5. Operation and maintenance philosophies

06.04.2016
This section describes the operation and maintenance philosophies for unmanned platforms.

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5.1 General

The Operation and Maintenance (O&M) philosophy shall stipulate the goals for the operation and maintenance of the UWHP.

The philosophy shall be supported by strategies for the operation and maintenance, i.e. which tasks shall be carried out to reach which goal, and also the strategies behind the tasks must be outlined.

More detailed information about the operation and maintenance philosophies for unmanned platforms can be found in the sub-report, ref. /9/.

 

5.2 Design aspects

For the UWHPs, the main issue is that O&M activities shall be designed out of the equation, wherever possible in order to minimise the manning frequency and the hours spent on board. Equipment and systems shall be kept at a minimum, and equipment requiring periodic inspection or re-certification shall to the extent possible be avoided.

Focus should be on using noble materials to considerably reduce the need for Risk-Based Inspections (RBI), furthermore focus shall be on specification and procurement of equipment with proven reliability and high Mean Time Between Failure (MTBF) (and as far as possible a short Mean Time To Repair (MTTR)).

Equipment requiring periodic inspections (fire extinguishers, inflatable life rafts, etc.) can be brought to the installation, when needed.

Generally and not least, for the installations with very rare visits and very short maintenance campaigns, equipment shall to the extent possible be of a modular design. This is to support the philosophy that no repairs take place on the platform, but instead a complete module (e.g. a complete actuator) is simply replaced.

 

5.3 Operation and maintenance philosophy

The philosophy must, depending on the type of UWHP, define:

  • The design lifetime of the platform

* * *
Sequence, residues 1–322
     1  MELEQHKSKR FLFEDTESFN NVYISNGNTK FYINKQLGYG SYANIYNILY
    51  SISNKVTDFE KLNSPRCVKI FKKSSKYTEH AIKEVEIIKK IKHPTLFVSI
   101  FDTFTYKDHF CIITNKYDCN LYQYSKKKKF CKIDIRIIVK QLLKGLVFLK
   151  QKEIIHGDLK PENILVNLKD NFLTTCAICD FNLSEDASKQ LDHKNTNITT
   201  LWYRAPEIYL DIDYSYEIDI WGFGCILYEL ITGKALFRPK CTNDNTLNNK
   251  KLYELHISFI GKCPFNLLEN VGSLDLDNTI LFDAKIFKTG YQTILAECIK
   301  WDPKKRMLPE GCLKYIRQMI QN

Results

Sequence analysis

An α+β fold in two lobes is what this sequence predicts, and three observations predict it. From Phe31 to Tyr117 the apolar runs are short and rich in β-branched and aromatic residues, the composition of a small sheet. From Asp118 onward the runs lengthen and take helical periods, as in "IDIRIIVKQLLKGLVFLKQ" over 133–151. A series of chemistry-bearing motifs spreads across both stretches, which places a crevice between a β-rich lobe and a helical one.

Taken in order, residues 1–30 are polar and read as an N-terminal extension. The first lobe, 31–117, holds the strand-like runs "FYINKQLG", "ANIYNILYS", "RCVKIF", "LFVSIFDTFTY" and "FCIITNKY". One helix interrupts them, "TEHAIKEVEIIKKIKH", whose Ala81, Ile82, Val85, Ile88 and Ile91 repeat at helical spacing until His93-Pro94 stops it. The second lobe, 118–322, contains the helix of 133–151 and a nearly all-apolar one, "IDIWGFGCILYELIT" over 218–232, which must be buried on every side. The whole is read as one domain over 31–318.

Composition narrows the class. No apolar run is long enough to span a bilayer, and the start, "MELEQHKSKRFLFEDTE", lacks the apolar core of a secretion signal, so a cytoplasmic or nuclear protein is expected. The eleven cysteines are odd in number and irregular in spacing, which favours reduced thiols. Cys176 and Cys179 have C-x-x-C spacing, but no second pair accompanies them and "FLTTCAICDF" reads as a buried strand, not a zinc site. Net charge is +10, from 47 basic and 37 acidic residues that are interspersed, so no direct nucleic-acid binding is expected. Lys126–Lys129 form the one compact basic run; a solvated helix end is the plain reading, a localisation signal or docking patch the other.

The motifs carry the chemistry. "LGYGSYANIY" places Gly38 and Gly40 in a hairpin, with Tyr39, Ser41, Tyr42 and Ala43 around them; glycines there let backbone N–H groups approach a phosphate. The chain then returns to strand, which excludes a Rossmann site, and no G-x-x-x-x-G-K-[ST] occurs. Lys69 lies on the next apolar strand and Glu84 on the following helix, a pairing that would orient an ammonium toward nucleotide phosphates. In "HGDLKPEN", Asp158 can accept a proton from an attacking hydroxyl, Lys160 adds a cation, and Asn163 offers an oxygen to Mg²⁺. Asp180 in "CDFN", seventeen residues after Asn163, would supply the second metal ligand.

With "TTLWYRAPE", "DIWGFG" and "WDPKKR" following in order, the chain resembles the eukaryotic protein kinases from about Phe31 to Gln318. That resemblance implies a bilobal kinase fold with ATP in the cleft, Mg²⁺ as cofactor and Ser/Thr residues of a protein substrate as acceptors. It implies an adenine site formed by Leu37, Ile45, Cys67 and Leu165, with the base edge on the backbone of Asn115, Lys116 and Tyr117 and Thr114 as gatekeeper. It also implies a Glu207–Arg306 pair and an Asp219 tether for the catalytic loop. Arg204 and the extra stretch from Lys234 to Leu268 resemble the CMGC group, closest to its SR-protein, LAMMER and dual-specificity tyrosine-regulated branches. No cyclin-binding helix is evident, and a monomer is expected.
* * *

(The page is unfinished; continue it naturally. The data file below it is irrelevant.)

• How the platform shall be operated
  • Requirements for pigging and the pigging frequency
  • Logistics of daily consumables such as chemicals, power, hydraulics, etc.
  • Production and injection figures including goals as regards regularity and uptime
  • How often may the platform be visited / maximum manning hours per year
  • How are well service operations planned to be carried out
  • Whether the platform is to be in operation during visits, or whether it is assumed to be shut down (or maybe only shut down in case intrusive maintenance is to be performed on hydrocarbon-containing systems)
  • How should the platform be manned (helicopter, FRB, W2W bridge, etc.)
  • Is the manning by a crew from the host or by a specialist team from shore

 

5.4 Operation and maintenance strategy

The strategies shall address:

  • The level of automation (needs for remote monitoring and control) including needs for condition monitoring and preventive maintenance
  • Necessary operations (on a task level), which can be performed remotely, and which require manning (including “remote resets”)
  • Which integrity tests need to be performed - and how often - on well-related valves and can such tests be carried out remotely
  • Which well service operations need manning
  • Manning strategy including team background, skills and competencies
  • Should manning be a crew from the host or a specialist team mobilised from shore?
  • Outline of the “Permit-to-Work” (PTW) system (controlled from host)
  • Dedicated strategies for %-scheduled maintenance, application of RCM and RBI, planned preventive maintenance, Safety Critical Element (SCE) checks against performance standards, mandatory tests/inspections/re-certifications, fabric maintenance including preservations, etc.
  • Strategy for spares, tools, workshops and consumables being used during manning – for example container solutions on the OSR or W2W vessel.
  • Campaign strategy.

The O&M strategy will depend very much on the mechanical handling strategy being developed for the platform.

Campaigns and the majority of the required manned operations for the operation and maintenance of the UWHP should take place during the summer time.

 

5.5 Philosophy and strategy

Type 0 platform The Type 0 UWHP was designed with an operation and maintenance philosophy very similar to manned installations. A large amount of unscheduled maintenance is accepted and executed on this type of platform. Typically, there is a 40% to 60% distribution between scheduled and unscheduled maintenance.

Since these installations are equipped with a helideck, the operation and maintenance activities are based on the easy availability of helicopters. The typical manning frequency is in the range from once a week to almost daily, as continuous unmanned operation is actually not allowed for some of the traditional designs and equipment.

The consequence is that these UWHPs are visited very often, and the duration of the visits may be disproportionate to the task to be performed.

This type of platform has a pedestal crane, which is used in the mechanical handling on board, and which also allows chemicals, consumables, spares, tools etc. to be taken on board from the supply boat. Furthermore, some platforms have a crane sized to take coiled tubing equipment on board.

All operation and maintenance work is to the extent possible performed, while the platform is operating.